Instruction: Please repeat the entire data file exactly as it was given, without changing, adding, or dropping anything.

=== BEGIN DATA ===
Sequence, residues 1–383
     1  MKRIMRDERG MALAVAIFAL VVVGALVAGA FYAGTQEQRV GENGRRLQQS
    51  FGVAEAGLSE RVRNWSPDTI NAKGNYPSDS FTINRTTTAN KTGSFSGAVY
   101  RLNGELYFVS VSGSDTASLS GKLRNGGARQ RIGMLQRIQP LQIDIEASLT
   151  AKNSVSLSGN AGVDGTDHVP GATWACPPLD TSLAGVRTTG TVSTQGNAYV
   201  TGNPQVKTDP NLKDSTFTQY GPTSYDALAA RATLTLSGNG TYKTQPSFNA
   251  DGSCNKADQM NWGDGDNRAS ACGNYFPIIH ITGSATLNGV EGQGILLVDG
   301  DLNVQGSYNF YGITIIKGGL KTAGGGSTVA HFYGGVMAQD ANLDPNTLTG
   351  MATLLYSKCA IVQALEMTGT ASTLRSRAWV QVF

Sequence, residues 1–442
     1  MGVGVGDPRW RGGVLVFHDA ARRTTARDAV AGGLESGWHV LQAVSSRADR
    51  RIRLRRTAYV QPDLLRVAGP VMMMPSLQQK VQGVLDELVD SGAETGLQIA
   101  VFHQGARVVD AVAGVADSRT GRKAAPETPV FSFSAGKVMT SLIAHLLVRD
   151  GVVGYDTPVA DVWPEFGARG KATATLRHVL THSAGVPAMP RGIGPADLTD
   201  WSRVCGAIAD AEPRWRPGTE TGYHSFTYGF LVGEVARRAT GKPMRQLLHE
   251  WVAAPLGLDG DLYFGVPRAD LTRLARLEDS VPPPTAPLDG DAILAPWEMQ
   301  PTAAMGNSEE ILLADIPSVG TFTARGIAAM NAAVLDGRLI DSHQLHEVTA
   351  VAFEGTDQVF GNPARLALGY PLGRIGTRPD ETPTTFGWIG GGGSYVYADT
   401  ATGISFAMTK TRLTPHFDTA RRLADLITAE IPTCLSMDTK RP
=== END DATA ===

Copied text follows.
Sequence, residues 1–383
     1  MKRIMRDERG MALAVAIFAL VVVGALVAGA FYAGTQEQRV GENGRRLQQS
    51  FGVAEAGLSE RVRNWSPDTI NAKGNYPSDS FTINRTTTAN KTGSFSGAVY
   101  RLNGELYFVS VSGSDTASLS GKLRNGGARQ RIGMLQRIQP LQIDIEASLT
   151  AKNSVSLSGN AGVDGTDHVP GATWACPPLD TSLAGVRTTG TVSTQGNAYV
   201  TGNPQVKTDP NLKDSTFTQY GPTSYDALAA RATLTLSGNG TYKTQPSFNA
   251  DGSCNKADQM NWGDGDNRAS ACGNYFPIIH ITGSATLNGV EGQGILLVDG
   301  DLNVQGSYNF YGITIIKGGL KTAGGGSTVA HFYGGVMAQD ANLDPNTLTG
   351  MATLLYSKCA IVQALEMTGT ASTLRSRAWV QVF

Sequence, residues 1–442
     1  MGVGVGDPRW RGGVLVFHDA ARRTTARDAV AGGLESGWHV LQAVSSRADR
    51  RIRLRRTAYV QPDLLRVAGP VMMMPSLQQK VQGVLDELVD SGAETGLQIA
   101  VFHQGARVVD AVAGVADSRT GRKAAPETPV FSFSAGKVMT SLIAHLLVRD
   151  GVVGYDTPVA DVWPEFGARG KATATLRHVL THSAGVPAMP RGIGPADLTD
   201  WSRVCGAIAD AEPRWRPGTE TGYHSFTYGF LVGEVARRAT GKPMRQLLHE
   251  WVAAPLGLDG DLYFGVPRAD LTRLARLEDS VPPPTAPLDG DAILAPWEMQ
   301  PTAAMGNSEE ILLADIPSVG TFTARGIAAM NAAVLDGRLI DSHQLHEVTA
   351  VAFEGTDQVF GNPARLALGY PLGRIGTRPD ETPTTFGWIG GGGSYVYADT
   401  ATGISFAMTK TRLTPHFDTA RRLADLITAE IPTCLSMDTK RP